NASA to develop microfluidics technology for space-based research with Raydiance
28 January 2010
Raydiance Corporation, developer of the world’s first commercial-grade ultrafast laser, is partnering with the Small Spacecraft Division in the Engineering Directorate at NASA's Ames Research Center to develop advanced microfluidics devices for space-based biological experiments.
“The capability to athermally ablate very precise features in transparent polymers and glasses, in addition to ceramics, will enable NASA Ames to rapidly fabricate complex and integrated components on a single microfluidics card. This collaborative work will have large implications for both the research and commercial worlds.”
Under the terms of a cooperative agreement funded by the Advanced Capabilities Division in NASA's Exploration Systems Mission Directorate to support a Seed Fund project within NASA’s Innovative Partnerships Program, NASA Ames' experts in fluidic design will employ Raydiance’s Smart Light ultrafast laser platform to fabricate next-generation microfluidics devices and components.
These will be deployed on free-flying nanosatellites, the International Space Station, and future lunar and planetary research laboratories. Results from this work will advance capabilities for molecular and cellular diagnostics, enable rapid drug discovery and screening, and expand the understanding of the effects of the space environment on biological systems.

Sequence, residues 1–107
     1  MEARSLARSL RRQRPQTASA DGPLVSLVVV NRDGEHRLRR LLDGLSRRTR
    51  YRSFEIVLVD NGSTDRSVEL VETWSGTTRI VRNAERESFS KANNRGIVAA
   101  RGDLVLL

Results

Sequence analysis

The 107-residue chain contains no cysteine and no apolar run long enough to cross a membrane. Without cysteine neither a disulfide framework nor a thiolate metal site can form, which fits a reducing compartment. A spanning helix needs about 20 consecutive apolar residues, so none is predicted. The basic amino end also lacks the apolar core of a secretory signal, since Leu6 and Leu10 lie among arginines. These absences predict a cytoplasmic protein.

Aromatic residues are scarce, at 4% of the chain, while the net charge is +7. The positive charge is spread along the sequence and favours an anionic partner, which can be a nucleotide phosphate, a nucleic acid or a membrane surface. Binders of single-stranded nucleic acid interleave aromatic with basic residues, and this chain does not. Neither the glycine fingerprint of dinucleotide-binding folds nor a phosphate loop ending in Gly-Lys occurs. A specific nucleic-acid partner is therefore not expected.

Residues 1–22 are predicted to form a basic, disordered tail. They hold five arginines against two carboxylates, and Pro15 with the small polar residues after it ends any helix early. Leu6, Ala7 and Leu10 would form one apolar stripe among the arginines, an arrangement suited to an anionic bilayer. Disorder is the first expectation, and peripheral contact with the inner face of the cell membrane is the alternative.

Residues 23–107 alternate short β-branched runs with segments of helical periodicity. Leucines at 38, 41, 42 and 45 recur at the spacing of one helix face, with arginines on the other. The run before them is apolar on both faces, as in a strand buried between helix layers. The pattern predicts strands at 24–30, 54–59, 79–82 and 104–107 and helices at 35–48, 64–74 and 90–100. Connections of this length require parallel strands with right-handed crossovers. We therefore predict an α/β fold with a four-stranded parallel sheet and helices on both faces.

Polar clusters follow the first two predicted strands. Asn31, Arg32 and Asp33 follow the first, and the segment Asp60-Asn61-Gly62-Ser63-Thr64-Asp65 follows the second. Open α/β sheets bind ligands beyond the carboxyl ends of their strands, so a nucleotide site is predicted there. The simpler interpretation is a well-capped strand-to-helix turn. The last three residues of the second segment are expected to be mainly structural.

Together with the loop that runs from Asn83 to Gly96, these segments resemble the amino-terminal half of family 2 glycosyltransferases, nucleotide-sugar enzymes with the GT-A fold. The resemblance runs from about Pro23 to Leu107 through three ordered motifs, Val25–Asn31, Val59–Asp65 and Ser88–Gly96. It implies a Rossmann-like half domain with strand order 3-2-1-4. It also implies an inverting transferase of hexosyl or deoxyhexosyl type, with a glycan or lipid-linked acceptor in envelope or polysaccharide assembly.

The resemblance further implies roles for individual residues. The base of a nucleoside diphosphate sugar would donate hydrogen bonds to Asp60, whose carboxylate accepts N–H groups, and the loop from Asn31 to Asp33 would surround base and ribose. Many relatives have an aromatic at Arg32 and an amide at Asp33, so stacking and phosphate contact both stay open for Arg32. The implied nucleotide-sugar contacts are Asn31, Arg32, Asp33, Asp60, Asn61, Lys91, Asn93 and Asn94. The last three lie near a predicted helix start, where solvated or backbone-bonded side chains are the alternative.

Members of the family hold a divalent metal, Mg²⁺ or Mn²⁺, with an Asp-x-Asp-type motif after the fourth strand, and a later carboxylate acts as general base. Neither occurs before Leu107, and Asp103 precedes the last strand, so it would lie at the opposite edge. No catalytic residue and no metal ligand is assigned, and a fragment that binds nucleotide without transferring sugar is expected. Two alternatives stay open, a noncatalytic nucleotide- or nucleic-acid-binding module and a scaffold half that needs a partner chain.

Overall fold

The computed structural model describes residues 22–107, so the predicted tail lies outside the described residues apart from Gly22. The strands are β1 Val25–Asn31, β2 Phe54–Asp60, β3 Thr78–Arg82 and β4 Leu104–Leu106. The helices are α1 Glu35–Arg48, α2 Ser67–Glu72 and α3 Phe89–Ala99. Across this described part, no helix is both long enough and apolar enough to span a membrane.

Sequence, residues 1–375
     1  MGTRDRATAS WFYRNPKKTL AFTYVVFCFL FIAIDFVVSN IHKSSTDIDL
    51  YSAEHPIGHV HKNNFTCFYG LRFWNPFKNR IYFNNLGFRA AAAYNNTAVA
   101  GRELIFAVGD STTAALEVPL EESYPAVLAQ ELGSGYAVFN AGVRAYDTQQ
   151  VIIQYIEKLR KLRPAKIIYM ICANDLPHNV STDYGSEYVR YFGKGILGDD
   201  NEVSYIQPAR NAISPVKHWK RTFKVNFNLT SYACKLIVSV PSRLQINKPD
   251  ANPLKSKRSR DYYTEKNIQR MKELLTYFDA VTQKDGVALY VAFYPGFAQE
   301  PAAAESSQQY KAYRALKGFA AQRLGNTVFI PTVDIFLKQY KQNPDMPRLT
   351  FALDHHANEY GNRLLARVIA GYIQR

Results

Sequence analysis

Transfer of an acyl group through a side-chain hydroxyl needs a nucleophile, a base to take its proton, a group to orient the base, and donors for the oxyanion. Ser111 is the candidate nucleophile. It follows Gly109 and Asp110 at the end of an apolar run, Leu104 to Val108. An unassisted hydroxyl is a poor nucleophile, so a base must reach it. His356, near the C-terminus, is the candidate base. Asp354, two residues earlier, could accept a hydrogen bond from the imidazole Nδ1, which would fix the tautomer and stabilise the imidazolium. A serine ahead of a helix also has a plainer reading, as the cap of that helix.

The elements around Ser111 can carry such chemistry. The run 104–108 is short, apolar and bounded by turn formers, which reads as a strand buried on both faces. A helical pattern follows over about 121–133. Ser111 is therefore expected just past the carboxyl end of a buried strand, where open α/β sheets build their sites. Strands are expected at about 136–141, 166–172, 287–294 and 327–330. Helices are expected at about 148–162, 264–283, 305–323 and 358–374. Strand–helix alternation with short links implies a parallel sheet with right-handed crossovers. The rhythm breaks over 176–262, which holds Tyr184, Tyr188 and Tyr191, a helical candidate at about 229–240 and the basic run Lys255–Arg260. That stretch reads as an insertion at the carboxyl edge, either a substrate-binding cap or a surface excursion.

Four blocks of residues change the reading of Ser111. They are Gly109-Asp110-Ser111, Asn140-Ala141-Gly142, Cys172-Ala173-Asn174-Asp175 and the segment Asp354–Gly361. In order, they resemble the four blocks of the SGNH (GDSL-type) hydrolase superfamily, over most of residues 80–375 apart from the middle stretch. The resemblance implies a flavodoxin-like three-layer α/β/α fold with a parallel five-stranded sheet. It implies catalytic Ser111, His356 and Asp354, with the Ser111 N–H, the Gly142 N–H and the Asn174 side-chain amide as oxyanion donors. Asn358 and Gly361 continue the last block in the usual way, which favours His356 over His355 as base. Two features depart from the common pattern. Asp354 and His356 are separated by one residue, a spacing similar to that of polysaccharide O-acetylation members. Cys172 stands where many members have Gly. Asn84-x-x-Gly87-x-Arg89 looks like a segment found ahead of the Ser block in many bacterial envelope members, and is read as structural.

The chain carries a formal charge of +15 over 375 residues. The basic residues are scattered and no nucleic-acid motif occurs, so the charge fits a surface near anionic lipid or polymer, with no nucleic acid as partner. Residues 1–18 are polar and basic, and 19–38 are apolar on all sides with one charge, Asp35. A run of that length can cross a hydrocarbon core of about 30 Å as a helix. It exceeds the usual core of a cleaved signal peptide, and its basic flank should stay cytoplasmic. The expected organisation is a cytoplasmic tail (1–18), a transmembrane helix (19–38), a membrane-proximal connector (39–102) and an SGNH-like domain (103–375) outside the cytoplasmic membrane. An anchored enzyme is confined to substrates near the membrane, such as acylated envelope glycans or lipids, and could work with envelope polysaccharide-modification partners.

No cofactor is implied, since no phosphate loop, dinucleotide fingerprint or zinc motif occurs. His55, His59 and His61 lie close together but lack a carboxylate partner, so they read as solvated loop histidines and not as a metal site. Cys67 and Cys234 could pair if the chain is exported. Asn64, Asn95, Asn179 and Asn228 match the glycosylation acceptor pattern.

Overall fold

“This partnership brings together the powerful and versatile Smart Light ultrafast technology with the world-class microfluidics expertise of the NASA Ames' small spacecraft group,” said Barry Schuler, Chairman and CEO of Raydiance. “The capability to athermally ablate very precise features in transparent polymers and glasses, in addition to ceramics, will enable NASA Ames to rapidly fabricate complex and integrated components on a single microfluidics card. This collaborative work will have large implications for both the research and commercial worlds.”
The work at NASA Ames is led by Dr. Antonio J. Ricco, chief technologist at the Small Satellite Division and John Hines, chief technologist in the Engineering Directorate. Tim Booth, Vice President of Project Management, is coordinating the Raydiance efforts for the project.
“We’re very excited about the additional capabilities the Raydiance system gives us to fabricate complex, multilevel microfluidic devices,” Dr. Ricco said. “We anticipate these devices will be more reliable, let us add new functionality, and be more biocompatible than some other approaches we’ve examined. We should be able to quickly execute design changes as needed to accommodate a wide range of biological and chemical space studies with this new platform.”
NASA launched the PharmoSat nanosatellite in May last year aboard a US Airforce Minotaur 1 rocket. It is about the size of a loaf of bread and weighs about 10 pounds.
PharmaSat contains a micro-laboratory containing sensors and optical systems that can detect the growth, density and health of yeast cells and transmit that data to scientists for analysis on Earth. It will also monitor the levels of pressure, temperature and acceleration the yeast and the satellite experience while circling Earth at 17,000 miles per hour. Scientists will study how the yeast responds to an antifungal treatment to learn more about drug action in space, the satellite's primary goal.
The biological experiment was initiated shortly after reaching low earth orbit and lasted about 96 hours. Data from the experiment was transmitted back to base until December last year. Results are scheduled to be published by David Niesel, PharmaSat's co-investigator from the University of Texas Medical Branch Department of Pathology and Microbiology and Immunology in Galveston and the PharmaSat team in 2010.
PharmaSat team members, however are continuing to use the autonomous micro-laboratory to learn more about how quickly yeast adapts to the microgravity of space.
For more information on PharmaSat see: www.nasa.gov/mission_pages/smallsats/pharmasat/main/index.html